26 November, 2020

Notes From A Mindwar

Russian soldiers, who served in Afghanistan, warn the Americans about the hell-hole

Notes From A Mindwar
Old ghosts have returned to torment Russians. Their souls have turned febrile, healed wounds have burst open. Dark memories have been rekindled, more vivid and powerful than the TV images—of the Russian army rumbling into Afghanistan, of a million soldiers who fought a futile war on its treacherous terrain, of the 15,000 soldiers who were killed and thousands others incapacitated. They touch their scars and ponder over their inability to feel, they know the Afghan war was Russia's apocalypse, its Vietnam.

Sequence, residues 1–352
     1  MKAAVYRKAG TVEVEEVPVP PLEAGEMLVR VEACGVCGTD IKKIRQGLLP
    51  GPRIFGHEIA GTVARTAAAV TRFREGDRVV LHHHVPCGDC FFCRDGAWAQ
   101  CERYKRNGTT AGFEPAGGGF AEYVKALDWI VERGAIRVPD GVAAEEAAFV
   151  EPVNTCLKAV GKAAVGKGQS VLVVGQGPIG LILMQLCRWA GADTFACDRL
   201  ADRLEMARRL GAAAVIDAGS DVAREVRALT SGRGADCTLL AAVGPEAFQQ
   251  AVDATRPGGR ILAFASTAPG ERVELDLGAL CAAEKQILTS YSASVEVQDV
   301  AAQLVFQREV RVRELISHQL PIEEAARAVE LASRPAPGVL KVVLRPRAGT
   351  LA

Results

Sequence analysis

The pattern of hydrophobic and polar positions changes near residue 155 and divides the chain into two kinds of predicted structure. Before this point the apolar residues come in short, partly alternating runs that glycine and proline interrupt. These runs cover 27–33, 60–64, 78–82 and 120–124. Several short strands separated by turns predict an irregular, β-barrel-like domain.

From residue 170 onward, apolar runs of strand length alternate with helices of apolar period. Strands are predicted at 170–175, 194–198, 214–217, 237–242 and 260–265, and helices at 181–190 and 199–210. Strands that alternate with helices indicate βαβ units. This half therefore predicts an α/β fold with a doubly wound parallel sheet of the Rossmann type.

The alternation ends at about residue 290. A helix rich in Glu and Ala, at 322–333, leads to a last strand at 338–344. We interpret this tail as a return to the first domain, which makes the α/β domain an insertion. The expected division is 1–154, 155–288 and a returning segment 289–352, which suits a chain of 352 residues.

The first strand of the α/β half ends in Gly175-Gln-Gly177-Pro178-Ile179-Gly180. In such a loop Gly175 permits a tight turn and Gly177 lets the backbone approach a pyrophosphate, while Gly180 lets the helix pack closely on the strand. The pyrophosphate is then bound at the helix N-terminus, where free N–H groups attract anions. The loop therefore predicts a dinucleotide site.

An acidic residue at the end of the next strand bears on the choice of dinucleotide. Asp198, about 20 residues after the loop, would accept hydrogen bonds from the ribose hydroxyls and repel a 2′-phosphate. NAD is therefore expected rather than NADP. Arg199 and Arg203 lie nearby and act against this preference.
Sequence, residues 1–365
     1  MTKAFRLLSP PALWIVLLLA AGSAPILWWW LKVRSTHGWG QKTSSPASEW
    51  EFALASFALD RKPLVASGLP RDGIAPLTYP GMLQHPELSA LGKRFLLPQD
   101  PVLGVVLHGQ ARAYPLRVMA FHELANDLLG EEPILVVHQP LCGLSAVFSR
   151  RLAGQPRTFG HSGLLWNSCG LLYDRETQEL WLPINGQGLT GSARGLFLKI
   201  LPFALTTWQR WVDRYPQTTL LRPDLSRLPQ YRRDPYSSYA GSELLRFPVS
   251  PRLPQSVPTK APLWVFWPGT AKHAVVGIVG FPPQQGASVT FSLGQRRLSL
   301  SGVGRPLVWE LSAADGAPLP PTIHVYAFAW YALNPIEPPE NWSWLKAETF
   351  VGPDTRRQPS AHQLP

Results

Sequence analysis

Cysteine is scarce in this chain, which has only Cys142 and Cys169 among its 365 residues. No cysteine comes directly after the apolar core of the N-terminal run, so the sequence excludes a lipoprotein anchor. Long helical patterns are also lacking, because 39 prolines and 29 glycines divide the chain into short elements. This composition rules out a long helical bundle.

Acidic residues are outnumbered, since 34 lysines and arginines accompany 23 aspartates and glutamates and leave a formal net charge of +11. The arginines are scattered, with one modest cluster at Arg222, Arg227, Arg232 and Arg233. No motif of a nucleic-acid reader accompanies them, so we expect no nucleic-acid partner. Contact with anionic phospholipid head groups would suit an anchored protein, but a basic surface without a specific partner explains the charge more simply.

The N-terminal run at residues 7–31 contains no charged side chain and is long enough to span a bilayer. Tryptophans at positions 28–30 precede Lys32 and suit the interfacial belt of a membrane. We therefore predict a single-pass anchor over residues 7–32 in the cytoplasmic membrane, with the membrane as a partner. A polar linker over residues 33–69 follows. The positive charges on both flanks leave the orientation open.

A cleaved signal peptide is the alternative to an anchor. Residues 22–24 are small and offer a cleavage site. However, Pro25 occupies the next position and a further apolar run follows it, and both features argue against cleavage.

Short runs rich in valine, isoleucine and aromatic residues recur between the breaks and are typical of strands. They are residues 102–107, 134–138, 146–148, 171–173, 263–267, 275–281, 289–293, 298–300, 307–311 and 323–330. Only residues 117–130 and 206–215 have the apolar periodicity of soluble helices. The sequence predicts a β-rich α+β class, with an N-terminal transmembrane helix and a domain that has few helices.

When Col (retd) Vladimir Izmailov watches US President George Bush gird his nation for an onslaught on Afghanistan, when he hears him talk about smoking out the enemy, he says, "Americans should consider our horrendous experience. The US will have its second Vietnam." Izmailov was part of the Vitebskaya paratrooper division which was among the first to enter Afghanistan in 1979.

Initially, he had found the invasion to be something of a cakewalk. Rugged Afghans couldn't match the prowess of the Russian arms, its guns and tanks. Wiser now, Izmailov has a word or two...



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